UN Says Ocean Pollution is Now a “Planetary Crisis”

By December 8, 2017 Environment, Video

“You wouldn’t think you could kill an ocean, would you? But we’ll do it one day. That’s how negligent we are.” 
― Ian RankinBlood Hunt

We have been damaging sea life at a rate that is completely out of control. As plastic waste grows we NEED to do something NOW. If nothing is done things are only going to become worse.

The United Nations Oceans Chief Lisa Svensson believes that if governments, firms, and the people of the world come together and make an effort we can save the Oceans of the world. Svensson told BBC before the UN environment summit in Nairobi that “This is a planetary crisis.” She claims that “In a few short decades since we discovered the convenience of plastics, we are ruining the ecosystem of the ocean.”

That being said, she does note that the scale of this challenge is enormous. Turtles and other creatures are consuming the plastic and according to Caspar Van de Greer head of the turtle hospital. Because some plastic can resemble jellyfish turtles will continue to eat it and end up dying. While turtles are not stupid it can be difficult to tell the difference between jellyfish and plastics, it could be something turtles never learn to differentiate.

 

Plastic is not just something that is going to go away. It is increasingly finding its way into our oceans and onto our beaches. Every single day in the Los Angeles area alone 10 metric tons of plastic fragments are carried into the Pacific Ocean.

Plastic pollution is killing thousands of sea turtles, birds, and other marine mammals each year. It is time to do something about this crisis. Fish in the North Pacific ingest anywhere from 12,000 to 24,000 tons of plastic each year, does that sound okay to you? Those fish suffer from internal injuries and die because of human ignorance.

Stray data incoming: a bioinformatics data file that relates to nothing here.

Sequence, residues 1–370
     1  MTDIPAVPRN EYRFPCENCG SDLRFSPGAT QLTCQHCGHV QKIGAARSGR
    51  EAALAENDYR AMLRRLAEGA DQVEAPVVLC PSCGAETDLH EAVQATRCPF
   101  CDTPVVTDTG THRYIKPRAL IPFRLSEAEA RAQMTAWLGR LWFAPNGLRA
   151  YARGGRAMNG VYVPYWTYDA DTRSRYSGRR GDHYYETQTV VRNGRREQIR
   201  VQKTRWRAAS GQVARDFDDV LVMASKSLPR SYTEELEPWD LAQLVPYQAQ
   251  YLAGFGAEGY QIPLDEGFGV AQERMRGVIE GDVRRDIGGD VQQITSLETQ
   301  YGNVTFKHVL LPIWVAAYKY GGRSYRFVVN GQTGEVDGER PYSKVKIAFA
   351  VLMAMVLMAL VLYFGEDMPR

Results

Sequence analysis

The UN resolution for all of this is not something with any kind of time limit and is not legally binding as of right now. But, according to BBC ministers at an environmental summit in Kenya, it will set the course for tougher policies to be put into place. It does acknowledge at a political level the threat posed by plastic pollution and may get the ball rolling. Sadly any kind of stronger motion was rejected after the United States would not agree to any specific internationally agreed goals. This problem is growing so intensely that some countries have a near total ban on plastics as even cattle were becoming sick from eating plastic.

UN spokesman Sam Barratt told BBC News as follows on this subject:

“Of course we would have liked to have gone further, but this meeting’s made real progress.”

“There’s now a sense of urgency and energy behind the issue that we haven’t quite seen before.”

“What is obvious, though, is that the UN can’t solve this problem on its own. We need to do it in partnership with governments, businesses, and even individuals.”

While we do not yet know what is going to be done it does seem efforts will be made on some level. Let’s hope that everyone can get behind an intense cleanup and cutback program before things are too late.

(Image Via: Pixabay/hhach)

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